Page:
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Thunderstorm Asthma: Mysterious Condition Kills 4 in Australia, More Hospitalized

Nov 24, 2016 06:22 AM EST

Heavy rains are causing more than just a little discomfort in Australia as four people have already succumbed to a medical conditioned triggered by the storms. What's called "thunderstorm asthma" is wreaking havoc having already killed four and landed many more in the emergency room.

According to a report from ABC, thousands of people were affected where so much rain caused rye grass pollen to absorb a lot of moisture, ultimately bursting. This releases tiny particles that get stuck in people's lungs when they inhale it.

Hospital emergency rooms were swamped with patients exhibiting these conditions and there were so many calls that the paramedics had to enlist the help of policemen and firefighters.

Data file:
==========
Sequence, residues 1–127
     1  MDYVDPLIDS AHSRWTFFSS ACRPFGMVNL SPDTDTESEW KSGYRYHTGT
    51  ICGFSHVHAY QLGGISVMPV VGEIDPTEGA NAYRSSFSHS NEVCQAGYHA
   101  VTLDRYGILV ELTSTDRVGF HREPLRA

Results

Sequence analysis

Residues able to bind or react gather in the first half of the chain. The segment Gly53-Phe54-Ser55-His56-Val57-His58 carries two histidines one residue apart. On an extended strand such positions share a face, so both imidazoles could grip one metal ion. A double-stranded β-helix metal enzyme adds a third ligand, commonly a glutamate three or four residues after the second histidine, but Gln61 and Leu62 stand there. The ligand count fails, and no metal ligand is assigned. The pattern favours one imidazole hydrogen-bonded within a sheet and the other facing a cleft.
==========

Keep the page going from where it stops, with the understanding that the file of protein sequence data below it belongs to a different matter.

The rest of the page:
According to a report from The Guardian, paramedics fielded about 1,900 emergency calls within five hours in Monday evening, while Melbourne hospitals treated over 8,500 patients throughout Monday and Tuesday.

Victoria's health minister Jill Hennessey said that nine patients remain in the intensive care unit, three in critical condition. Considering there were so many citizens who experienced cardiac arrest and breathing difficulties, the senior doctors were relieved there weren't more deaths during the event.

"I'm pleased we haven't had more deaths than what we have had ... but those deaths are four deaths too many," Hennessy told The Guardian. The confirmed victims are Omar Moujalled, 18, Hope Carnevali, 20, Apollo Papadopoulos, 35, and Clarence Leo.

The spokesman for the Department of Health and Human Services (DHHS) revealed that the cases being attributed to thunderstorm asthma are currently under investigation.

He added, "Due to the complex nature and scale of the event further comment is not appropriate until a cause of death has been attributed for these cases. It is expected this will be closely examined as part of the Inspector-General of Emergency Management's state-wide review."

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